On the spike in hazard rates at unemployment benefit expiration: The signalling hypothesis revisited
AbstractWe revisit the signalling hypothesis, whereby potential employers use the duration of unemployment as a signal as to the productivity of applicants. We suggest that the quality of sucha signal is very low when the unemployed receive unemployment benefits: individuals have good reasons to remain unemployed. Conversely, the signal becomes much more efficient once benefitshave elapsed: skilled workers should not stay unemployed in such cases. Therefore, the potential duration of unemployment benefits should drive employers.expectations and their recruitmentpractices. This mechanism can explain why hazards fall after benefit expiration, and why hazards respond more to the potential duration of benefits than to replacement rates.
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Date of creation: 17 Nov 2008
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Worker heterogeneity; Signalling; Hazard rate; Unemployment compensation; Moral hazard;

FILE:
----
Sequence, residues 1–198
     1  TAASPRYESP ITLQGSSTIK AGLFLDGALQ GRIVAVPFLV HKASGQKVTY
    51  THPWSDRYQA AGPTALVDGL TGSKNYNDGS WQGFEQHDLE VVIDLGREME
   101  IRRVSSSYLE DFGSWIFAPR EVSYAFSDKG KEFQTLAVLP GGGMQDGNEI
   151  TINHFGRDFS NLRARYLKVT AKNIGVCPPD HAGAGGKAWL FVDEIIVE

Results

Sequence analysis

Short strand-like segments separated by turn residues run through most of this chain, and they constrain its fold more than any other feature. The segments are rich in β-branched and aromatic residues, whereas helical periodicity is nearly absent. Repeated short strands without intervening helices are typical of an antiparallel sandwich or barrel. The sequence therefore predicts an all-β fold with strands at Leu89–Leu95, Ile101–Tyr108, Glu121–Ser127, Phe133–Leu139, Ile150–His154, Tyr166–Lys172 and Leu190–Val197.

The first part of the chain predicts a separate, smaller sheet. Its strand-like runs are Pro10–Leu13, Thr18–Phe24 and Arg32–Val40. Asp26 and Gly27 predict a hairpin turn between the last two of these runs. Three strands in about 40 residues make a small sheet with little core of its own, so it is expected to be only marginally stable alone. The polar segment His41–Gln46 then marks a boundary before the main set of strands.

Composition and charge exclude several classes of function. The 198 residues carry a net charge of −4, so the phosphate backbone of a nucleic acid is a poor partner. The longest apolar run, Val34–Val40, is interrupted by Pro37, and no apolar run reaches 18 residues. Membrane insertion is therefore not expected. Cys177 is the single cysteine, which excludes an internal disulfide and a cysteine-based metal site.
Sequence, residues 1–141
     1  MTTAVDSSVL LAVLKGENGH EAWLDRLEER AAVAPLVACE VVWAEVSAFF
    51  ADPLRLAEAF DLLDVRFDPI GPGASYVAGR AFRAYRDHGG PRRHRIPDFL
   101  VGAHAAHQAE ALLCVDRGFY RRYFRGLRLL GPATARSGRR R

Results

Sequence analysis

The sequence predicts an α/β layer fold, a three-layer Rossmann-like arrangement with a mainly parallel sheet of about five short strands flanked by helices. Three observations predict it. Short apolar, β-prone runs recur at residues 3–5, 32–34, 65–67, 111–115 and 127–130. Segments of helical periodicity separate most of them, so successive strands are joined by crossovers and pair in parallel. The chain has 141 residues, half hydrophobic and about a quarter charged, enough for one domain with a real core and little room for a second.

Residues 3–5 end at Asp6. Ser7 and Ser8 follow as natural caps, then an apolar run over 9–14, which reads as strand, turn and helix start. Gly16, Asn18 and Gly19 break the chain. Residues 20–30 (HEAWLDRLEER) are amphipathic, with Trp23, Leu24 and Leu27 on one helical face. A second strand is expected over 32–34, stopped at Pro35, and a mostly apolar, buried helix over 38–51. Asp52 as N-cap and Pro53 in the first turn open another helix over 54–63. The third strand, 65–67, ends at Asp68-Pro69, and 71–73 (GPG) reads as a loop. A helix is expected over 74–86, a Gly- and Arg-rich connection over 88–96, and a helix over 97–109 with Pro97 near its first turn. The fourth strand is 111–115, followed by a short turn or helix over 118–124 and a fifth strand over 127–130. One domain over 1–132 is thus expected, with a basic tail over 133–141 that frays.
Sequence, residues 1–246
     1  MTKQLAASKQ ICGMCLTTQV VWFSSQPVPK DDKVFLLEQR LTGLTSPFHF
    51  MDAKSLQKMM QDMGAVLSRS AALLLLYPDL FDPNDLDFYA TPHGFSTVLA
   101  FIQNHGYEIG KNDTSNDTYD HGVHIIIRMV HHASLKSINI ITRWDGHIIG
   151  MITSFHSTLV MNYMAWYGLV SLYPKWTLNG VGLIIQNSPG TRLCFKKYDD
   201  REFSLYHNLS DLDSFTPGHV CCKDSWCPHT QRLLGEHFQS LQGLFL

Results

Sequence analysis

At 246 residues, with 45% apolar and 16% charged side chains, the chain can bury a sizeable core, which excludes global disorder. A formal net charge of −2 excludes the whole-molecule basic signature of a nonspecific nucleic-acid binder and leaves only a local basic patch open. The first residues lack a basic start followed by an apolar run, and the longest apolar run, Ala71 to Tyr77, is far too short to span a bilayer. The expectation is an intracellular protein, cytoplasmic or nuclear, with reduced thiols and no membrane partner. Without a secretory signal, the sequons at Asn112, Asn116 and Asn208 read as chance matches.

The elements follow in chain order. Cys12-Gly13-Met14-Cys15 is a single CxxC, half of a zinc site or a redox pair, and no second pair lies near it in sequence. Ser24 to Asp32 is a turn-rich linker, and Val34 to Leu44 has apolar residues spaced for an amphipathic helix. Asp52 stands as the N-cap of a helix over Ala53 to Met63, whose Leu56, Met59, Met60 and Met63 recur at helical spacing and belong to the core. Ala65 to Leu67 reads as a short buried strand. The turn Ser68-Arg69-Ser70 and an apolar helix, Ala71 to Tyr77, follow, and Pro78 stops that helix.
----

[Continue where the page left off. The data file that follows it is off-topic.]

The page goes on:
Other versions of this item:
- Decreuse, Bruno & Kazbakova, Elvira, 2008. "On the spike in hazard rates at unemployment benefit expiration: The signalling hypothesis revisited," MPRA Paper 11223, University Library of Munich, Germany.
- J65 - Labor and Demographic Economics - - Mobility, Unemployment, and Vacancies - - - Unemployment Insurance; Severance Pay; Plant Closings
- J64 - Labor and Demographic Economics - - Mobility, Unemployment, and Vacancies - - - Unemployment: Models, Duration, Incidence, and Job Search
- D83 - Microeconomics - - Information, Knowledge, and Uncertainty - - - Search, Learning, and Information
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- Atkinson, Anthony B & Micklewright, John, 1991. "Unemployment Compensation and Labor Market Transitions: A Critical Review," Journal of Economic Literature, American Economic Association, vol. 29(4), pages 1679-1727, December.
- Ham, John C & Rea, Samuel A, Jr, 1987. "Unemployment Insurance and Male Unemployment Duration in Canada," Journal of Labor Economics, University of Chicago Press, vol. 5(3), pages 325-53, July.
- Lynch, Lisa M, 1989. "The Youth Labor Market in the Eighties: Determinants of Re-employment Probabilities for Young Men and Women," The Review of Economics and Statistics, MIT Press, vol. 71(1), pages 37-45, February.
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